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Accelerating teacher growth: How one district is doing it with video

5 min read


This post is sponsored by Insight Education Group.

In parts one and two of this blog series, we discussed not only the challenges that schools face in implementing effective teacher observation and evaluation systems, but the promising evidence that classroom video can improve how educators grow.

In this third and final post, we take a close look at how teachers in one school district are using video – and the remarkable results they’re seeing.

When Newton County Schools System (NCSS), a 20,000-student district in Georgia, decided to install camera and audio systems in the classrooms of its 23 schools, the primary goal was to reduce disciplinary issues and improve student safety. But as Superintendent Samantha Fuhrey explains, it didn’t take long before they began thinking much bigger about how video could impact nearly every aspect of teaching and learning within the district.

At the time, NCSS’ administrators and instructional leaders were also grappling with issues that are unfortunately all too common: new and heightened curricular expectations and declining student achievement scores – without enough professional support for teachers or funding.

“We discovered video as an economical way to help address deficiencies in areas where we didn’t have staff,” said Fuhrey. When Georgia adopted its new coordinate algebra standards and assessment, NCSS did not have a mathematics coordinator to provide teachers with support, so district leaders decided to leverage the video technology.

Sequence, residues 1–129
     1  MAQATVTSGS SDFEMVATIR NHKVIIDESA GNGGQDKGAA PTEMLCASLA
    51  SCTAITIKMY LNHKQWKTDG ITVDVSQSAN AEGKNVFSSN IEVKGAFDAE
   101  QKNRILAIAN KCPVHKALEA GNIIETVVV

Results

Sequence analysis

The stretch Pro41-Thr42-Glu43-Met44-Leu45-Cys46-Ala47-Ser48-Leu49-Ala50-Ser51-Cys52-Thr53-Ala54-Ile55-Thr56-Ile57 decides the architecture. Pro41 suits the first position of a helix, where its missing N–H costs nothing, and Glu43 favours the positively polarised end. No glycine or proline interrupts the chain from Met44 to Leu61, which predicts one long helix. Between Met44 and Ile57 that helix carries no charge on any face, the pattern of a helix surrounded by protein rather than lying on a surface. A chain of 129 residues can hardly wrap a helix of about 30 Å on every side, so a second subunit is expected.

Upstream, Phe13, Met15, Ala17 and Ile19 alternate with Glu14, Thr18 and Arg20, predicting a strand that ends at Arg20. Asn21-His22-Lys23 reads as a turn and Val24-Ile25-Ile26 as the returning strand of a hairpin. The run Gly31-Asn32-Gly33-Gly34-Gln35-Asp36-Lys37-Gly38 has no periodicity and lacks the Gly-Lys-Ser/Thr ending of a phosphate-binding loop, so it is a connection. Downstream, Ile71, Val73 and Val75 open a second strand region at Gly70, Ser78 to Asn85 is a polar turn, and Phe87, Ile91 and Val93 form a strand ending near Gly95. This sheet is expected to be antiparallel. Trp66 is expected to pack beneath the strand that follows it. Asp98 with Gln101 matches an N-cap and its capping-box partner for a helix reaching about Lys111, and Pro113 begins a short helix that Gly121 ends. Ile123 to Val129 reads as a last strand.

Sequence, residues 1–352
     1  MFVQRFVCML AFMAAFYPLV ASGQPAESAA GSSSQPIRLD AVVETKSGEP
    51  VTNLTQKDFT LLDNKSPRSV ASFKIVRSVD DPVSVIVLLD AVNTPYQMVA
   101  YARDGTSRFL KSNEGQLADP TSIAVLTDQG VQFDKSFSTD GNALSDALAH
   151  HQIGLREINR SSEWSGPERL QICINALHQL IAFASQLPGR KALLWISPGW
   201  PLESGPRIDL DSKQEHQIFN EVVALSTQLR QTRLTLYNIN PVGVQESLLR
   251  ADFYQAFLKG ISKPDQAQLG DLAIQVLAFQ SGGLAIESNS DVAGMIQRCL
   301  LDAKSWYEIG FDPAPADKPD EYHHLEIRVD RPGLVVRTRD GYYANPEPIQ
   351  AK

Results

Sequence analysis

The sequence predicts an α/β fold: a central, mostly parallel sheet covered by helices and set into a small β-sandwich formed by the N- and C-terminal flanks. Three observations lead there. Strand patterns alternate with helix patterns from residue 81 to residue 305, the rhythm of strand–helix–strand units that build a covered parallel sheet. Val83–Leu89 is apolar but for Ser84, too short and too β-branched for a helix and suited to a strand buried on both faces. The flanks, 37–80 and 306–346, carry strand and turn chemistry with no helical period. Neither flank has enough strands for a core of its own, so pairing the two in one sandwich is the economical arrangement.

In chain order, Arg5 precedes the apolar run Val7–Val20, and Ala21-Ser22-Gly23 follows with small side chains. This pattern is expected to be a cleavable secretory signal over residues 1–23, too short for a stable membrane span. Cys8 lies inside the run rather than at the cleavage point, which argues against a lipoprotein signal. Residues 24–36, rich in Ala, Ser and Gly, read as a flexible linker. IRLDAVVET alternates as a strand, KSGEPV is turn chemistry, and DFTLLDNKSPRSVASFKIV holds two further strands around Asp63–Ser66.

Recognizing a need for content-area expertise and relevant feedback for teachers that they couldn’t provide on their own, NCSS partnered with Insight Education Group. It was a natural fit, as Insight has a team of highly-skilled coaches who specialize in a variety of content areas, including secondary mathematics, with experience using video for coaching, too.

The district’s 10 coordinate algebra teachers filmed lessons and sent them to an Insight coach, who provided the content-specific and actionable feedback teachers needed to adjust and improve instructional practices. The teachers embraced the process almost immediately. As one NCSS teacher put it, “If a system provides an opportunity to hone your craft and receive more individualized support, then why would you not use that to your full advantage?”

Not only did teachers feel more supported than ever before, according to Fuhrey, proficiency scores increased dramatically in just 6 months. Prior to the project, the district’s high schools had a coordinate algebra pass rate of just 19%. After, however, these same schools showed improvement levels higher than the rest of the state. “State movement was only about 3 points,” she says proudly. “We improved as much as 15 points.”

Motivated by these results, district leaders quickly decided to expand the program to other schools, with more teachers in various disciplines now filming their instruction and engaging with specialized coaches.

Doing things differently – and getting better results